Post-Workout Meal: Getting the Most from Your Workout

Post-Workout Meal: Getting the Most from Your Workout

Refueling After Your Killer Workouts

We all know the amazing role nutrition can play in helping us achieve our fitness goals. Not only are important throughout the day, eating your meals before or after a workout is crucial as well! A high-intensity workout can really take its toll on your body causing minor muscle damage and the depletion of glucose/energy stores; making the post-workout meal of vital importance. By replacing, replenishing, and rebuilding our muscles we increase our endurance and become better exercise machines.

Crush Your Post-Workout Meal

Post-Workout Meal Getting the Most from Your WorkoutTo achieve all of that, you need the proper nutritional building blocks (you can’t build your house on a foundation of sand). The main building blocks we need are protein and carbohydrates. They provide what we need to replenish glucose stores and repair and grow our muscles!

This doesn’t just apply to men; this applies to women as well as we all want to get the most out of our workouts!

One of the main things we need to replenish is carbohydrates. Carbs are our main component of energy. You simply must replenish these stores that get drained during a strenuous workout.

Not only do you need carbohydrates to replenish the energy stores lost but you need a big enough carb load to induce insulin release. Insulin secretion, which occurs after a meal to regulate blood sugar, causes our muscles to absorb protein more effectively, therefore, helping repair and grow muscles better.

The Ideal Post-Workout Meal

Science has shown that we need between 0.8g to 1.2g of carbohydrates per kilogram of body weight post-workout (150lb person = 54.4g to 81.6g carbs) to maximize our gains (Van Loon et al. 2000). If you are worried about fat gain, stick to the lower end of this spectrum.

Likewise, we all realize we need protein to repair and build bigger muscles after an intense workout. Science has shown that after a workout we need anywhere from 0.2g to 0.4g of protein per kilogram of body weight (150lb person = 13.5g to 27.2g protein) (Levenhagen et al 2001) with at least 3-4g of leucine (Stark et al 2012) to sufficiently maximize our gains!

Lastly, your post-workout meal should be relatively low-fat.

This is because fat can slow down the absorption of carbs and protein that you want to be delivered to the muscles quickly after your workout! Maybe most important is that you need to remember to consume this meal right after your workout! The sooner the better when it comes to a post-workout meal.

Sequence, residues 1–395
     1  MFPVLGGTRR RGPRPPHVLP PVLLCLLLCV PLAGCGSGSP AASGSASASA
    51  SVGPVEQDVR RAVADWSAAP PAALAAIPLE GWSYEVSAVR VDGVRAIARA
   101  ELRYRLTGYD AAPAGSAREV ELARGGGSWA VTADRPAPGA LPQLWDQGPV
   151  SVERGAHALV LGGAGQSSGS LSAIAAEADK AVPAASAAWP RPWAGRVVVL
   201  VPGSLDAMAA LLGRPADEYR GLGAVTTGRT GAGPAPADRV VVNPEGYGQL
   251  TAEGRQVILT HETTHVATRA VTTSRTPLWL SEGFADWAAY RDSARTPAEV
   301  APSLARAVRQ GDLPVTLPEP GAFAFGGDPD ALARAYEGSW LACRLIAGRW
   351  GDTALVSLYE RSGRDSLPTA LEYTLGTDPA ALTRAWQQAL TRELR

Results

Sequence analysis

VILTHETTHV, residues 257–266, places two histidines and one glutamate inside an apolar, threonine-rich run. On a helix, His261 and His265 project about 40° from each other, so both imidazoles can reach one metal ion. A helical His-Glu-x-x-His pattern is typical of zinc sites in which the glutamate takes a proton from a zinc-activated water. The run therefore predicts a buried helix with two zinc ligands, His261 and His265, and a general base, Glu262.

For instance, eating a meal immediately after a workout is better than 30 minutes after a workout which is better than 3 hours after a workout! We want to replenish our muscles with protein and carbs so the sooner the better! I would recommend eating your post-workout meal within at least an hour of your workout!

Some great post-workout foods include:

Post-Workout Meal: Getting the Most from Your Workout
Bananas and peanut butter!
  • Bananas and peanut butter
  • Tuna sandwich
  • Whey protein shake and Gatorade or dextrose (both carbs)
  • Hummus and Pita


When it comes down to it, you want to get the most out of your workout. You put the time and energy into being at the gym so you should refuel properly with the ideal post-workout meal to get the best possible gains.

Take the time to replenish properly! Eat and grow!

Get more information:

WebMD – What to eat before/during/after exercise? – Post-workout meal


Levenhagen DK, Gresham JD, Carlson MG, Maron DJ, Borel MJ, Flakoll PJ (2001) Postexercise nutrient intake timing in humans is critical to the recovery of leg glucose and protein homeostasis. American Journal of Physiology-Endocrinology and Metabolism 280: 982-993.

Stark M, Lukaszuk J, Prawitz A, Salacinski A (2012) Protein timing and its effects on muscular hypertrophy and strength in individuals engaged in weight-training. Journal of the International Society of Sports Nutrition 9: 54.

Van Loon LJ, Saris WH, Kruijshoop M, Wagenmakers AJ (2000) Maximizing postexercise muscle glycogen synthesis: carbohydrate supplementation and the application of amino acid or protein hydrolysate mixtures. The American Journal of Clinical Nutrition 72: 106-111.

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Josh is the founder of DIY Active - your at home fitness source! He enjoys blending the latest science and expert advice with health practices to help you exercise smarter at home!
Josh Anderson
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Post-Workout Meal: Getting the Most from Your Workout